Finally, a polymorphism was seen in the TLR4 gene (rs4986790) that was associated with reduced risk for clinical malaria. Previous studies in an Amazonian population reported no association between TLR4 and mild malaria [20], [22]. However, the absence of an apparent association may be due to the lower minor allele frequencies and smaller samples sizes of those studies. Unlike the results reported here, two studies in Ghana have revealed frequent polymorphisms at TLR4 that conferred an increased risk of severe malaria [12] and clinical manifestations of malaria during pregnancy [13]. The absence of severe malaria in Brazil could explain the differences in association results. Together, the genetic data support a role for TLR4 in modulating the presentation of malaria symptoms.

Overall, this study represents the first association study from an Amazonian population involving a large number of host genetic polymorphisms with susceptibility or resistance to Plasmodium infection and malaria outcomes. To understand which are the real causal variants, re-sequencing of LTA, TNF and CTL4 genes and the surrounding MHC class III in a range of populations will be necessary to assist the design of large scale epidemiological studies. Previous candidate polymorphisms have arisen mostly from studies in an African setting, where the linkage disequilibrium or correlation structure between SNPs, the absence of Plasmodium vivax, endemicity, and disease severity complicate their relevancy to Amazonian populations. For example, the data analysis from our study revealed no significant associations for gene polymorphisms of the sickle-cell trait, blood-related polymorphisms and G6PD A- surrogate, which display inherited innate resistance to malaria. These results were not unexpected, given that the low frequencies of these alleles in the Brazilian population together with the current sample size that restricted the resolving power of the analysis to detect associations.

The issue of malaria disease association mapping and its implications for disease management in multiple geographic locations remains a major challenge confronting the field. The differences highlighted here and the association of specific SNP polymorphisms with clinical malaria in the Amazon basin support the need for additional studies. The results suggest a need for associations studies with more dense mapping of candidate genes, especially CTL4 and IL-10, along with other genes from the major histocompatibility complex region to identify additional functional variants most relevant for malaria in Amazonian populations.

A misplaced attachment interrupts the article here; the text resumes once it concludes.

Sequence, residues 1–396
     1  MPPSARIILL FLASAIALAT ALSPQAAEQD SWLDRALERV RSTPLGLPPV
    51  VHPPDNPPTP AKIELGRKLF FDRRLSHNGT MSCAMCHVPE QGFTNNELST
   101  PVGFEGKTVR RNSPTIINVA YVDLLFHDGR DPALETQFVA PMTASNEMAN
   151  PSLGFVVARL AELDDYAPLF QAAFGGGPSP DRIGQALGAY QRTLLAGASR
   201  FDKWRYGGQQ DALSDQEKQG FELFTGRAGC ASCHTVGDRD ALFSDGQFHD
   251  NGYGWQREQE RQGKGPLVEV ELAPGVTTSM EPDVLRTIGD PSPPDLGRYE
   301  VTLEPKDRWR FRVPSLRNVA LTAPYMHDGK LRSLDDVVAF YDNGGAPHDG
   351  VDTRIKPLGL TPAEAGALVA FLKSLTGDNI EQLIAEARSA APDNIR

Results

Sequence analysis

Supporting Information

Table S1.

List of all polymorphisms genotyped in this study.

doi:10.1371/journal.pone.0036692.s001

(XLS)

Table S2.

X chromosome analysis.

doi:10.1371/journal.pone.0036692.s002

(XLS)

Table S3.

Allele frequencies differences between Santa Isabel do Rio Negro and Barcelos.

doi:10.1371/journal.pone.0036692.s003

(XLS)

Table S4.

Allele frequencies and test of association - Any_malaria versus never_malaria group.

doi:10.1371/journal.pone.0036692.s004

(XLS)

Table S5.

Allele frequencies and test of association - Asymptomatic versus never_malaria group.

doi:10.1371/journal.pone.0036692.s005

(XLS)

Table S6.

Allele frequencies and test of association - Clinical_malaria versus never_malaria group.

doi:10.1371/journal.pone.0036692.s006

(XLS)

Table S7.

Allele frequencies and test of association - Clinical_malaria versus asymptomatic group.

doi:10.1371/journal.pone.0036692.s007

(XLS)

Acknowledgments

We thank the participants from Barcelos and Santa Isabel do Rio Negro, as well as the many healthcare workers involved in the original and ongoing studies in these populations for their contributions. We would also like to thank Anna Jeffreys, Angela Green, Kate Rowlands and Christina Hubbart for their support in sample handling and Sequenom genotyping at the Wellcome Trust centre for Human Genetics in Oxford, UK, as well as Dr. Filipe Aníbal Costa-Carvalho and Dr. Márcio Neves Bóia for sample collections from Santa Isabel do Rio Negro.

Author Contributions

Conceived and designed the experiments: SSS KAR OF. Performed the experiments: SSS KAR. Analyzed the data: SSS TGC SC KAR. Contributed reagents/materials/analysis tools: TGC SC MCSM KAR DPK OF. Wrote the paper: SSS TGC. Discussion of results: SSS TGC SC MCSM KAR Revised and commented on the manuscript: SSS TGC SC KAR OF.